Update Sept 2015: After completing a strategic planning process with a number of community partners and stakeholders, the Raleigh Food Corridor has continued to find clarity through community input and participation.
The mission of the Raleigh Food Corridor is to create healthy neighborhoods through gardens and other food projects. To achieve this, Community Food Lab envisions five interlinked networks that together move the urban food system forward: learning gardens, learning kitchens, composting, entrepreneurship, and art. Each network will find existing assets to build from, and new connections to mutually reinforce the system of food along the Corridor. The first true fundraising effort is beginning in the fall of 2015 to fund coordination, outreach, and the first steps in building these five networks.
A new project underway in Raleigh is the two-mile long Raleigh Food Corridor: a community-based project that links diverse communities through local food. Built from the ground up by food projects throughout the food system, the Corridor offers the benefits of local food to all the communities it connects.
Along with multiple partners, stakeholders, and like-minded organizations, Community Food Lab is working to create a shared vision for a vibrant local food corridor defined by its participants. Corridor can be imagined as a civic engagement project, a food justice initiative, and a catalyst for the local and regional food systems.
Since the middle of 2013, Community Food Lab has been developing and sharing a concept for the Corridor that relies on collaboration and engagement. Now, alongside new partners like the Jamie Kirk Hahn Foundation, Community Food Lab is helping support emerging events like Second Saturday (a day of food and community) and a recent Gathering for Good, a Hahn Foundation event series designed to increase engagement around issues of food, poverty, and education.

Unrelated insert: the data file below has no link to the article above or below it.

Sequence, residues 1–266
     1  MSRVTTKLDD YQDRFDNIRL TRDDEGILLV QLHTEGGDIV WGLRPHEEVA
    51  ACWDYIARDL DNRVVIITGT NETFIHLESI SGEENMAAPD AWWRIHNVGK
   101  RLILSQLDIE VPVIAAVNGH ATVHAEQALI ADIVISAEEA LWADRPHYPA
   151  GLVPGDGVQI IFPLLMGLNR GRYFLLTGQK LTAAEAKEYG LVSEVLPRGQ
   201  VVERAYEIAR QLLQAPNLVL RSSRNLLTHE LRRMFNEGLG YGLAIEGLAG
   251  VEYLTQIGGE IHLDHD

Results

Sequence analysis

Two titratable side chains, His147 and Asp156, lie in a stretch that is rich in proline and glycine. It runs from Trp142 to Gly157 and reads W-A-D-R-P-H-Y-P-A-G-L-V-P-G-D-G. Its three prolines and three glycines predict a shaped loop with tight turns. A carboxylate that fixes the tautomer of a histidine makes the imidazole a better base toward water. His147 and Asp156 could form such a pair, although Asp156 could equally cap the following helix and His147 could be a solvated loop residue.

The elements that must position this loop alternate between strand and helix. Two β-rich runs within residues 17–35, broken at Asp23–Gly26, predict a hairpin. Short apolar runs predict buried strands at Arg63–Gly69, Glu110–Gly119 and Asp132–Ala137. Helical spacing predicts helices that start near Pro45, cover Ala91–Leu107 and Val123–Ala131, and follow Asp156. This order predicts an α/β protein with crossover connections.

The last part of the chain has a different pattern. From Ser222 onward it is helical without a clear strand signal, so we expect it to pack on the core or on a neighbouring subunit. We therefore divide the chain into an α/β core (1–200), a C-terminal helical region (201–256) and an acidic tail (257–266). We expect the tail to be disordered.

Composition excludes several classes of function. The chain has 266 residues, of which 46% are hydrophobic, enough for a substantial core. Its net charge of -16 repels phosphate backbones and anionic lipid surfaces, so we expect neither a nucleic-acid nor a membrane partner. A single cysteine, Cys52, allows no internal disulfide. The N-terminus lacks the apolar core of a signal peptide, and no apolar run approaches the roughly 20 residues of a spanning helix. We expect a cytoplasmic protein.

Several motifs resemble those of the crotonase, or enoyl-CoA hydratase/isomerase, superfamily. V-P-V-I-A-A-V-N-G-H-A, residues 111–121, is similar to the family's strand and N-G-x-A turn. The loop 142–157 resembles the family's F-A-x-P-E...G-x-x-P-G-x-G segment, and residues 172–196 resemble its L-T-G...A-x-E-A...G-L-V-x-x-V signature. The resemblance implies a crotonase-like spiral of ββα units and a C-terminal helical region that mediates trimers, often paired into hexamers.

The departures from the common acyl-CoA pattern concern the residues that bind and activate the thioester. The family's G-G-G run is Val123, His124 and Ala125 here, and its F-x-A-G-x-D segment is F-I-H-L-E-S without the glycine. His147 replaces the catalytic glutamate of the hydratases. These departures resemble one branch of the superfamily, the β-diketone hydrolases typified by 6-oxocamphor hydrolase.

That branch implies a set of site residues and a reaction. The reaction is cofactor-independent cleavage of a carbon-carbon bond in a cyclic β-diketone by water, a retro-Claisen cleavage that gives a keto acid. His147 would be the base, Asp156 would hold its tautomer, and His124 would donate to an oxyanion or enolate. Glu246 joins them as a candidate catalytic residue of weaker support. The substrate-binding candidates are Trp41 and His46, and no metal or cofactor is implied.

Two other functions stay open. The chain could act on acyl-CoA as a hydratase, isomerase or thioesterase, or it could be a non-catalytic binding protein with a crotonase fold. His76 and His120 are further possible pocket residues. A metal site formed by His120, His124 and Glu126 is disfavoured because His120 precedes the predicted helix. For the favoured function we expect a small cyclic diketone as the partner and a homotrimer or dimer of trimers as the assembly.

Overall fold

What’s the corridor?
This length of Blount and Person Streets is the right place in the city to start: successful urban agriculture projects anchor the north and south ends, Downtown's commercial core provides a built-in market for local food, plans for new bike lanes and pedestrian access are already in the works, and the Corridor's diverse communities are close enough to each other to profit together from the benefits of local food.
We see a food corridor as connective tissue in a city, linking diverse parts of the city around the shared economic, social, and ecological benefits of local food projects. By connecting the bold vision and common values of a top-down plan with the flexibility and responsiveness of grassroots energy and action, the Raleigh Food Corridor is designed for community impact and inclusive development. The space and shape of the Corridor will evolve over time, as the shared vision expands and shifts as diverse new projects emerge to meet neighborhood needs and shape new ideas.
For more information on the corridor, and to get involved, check out the website raleighfoodcorridor.org.
Why are we involved?
We’ve written before about our interest in bringing diverse people together through local food and about our interest in mapping Blount and Person Street food phenomena. Our involvement in this project lets us explore community food system innovation, builds our expertise in community engagement and public action, and allows us to develop replicable models for lasting change in urban food systems.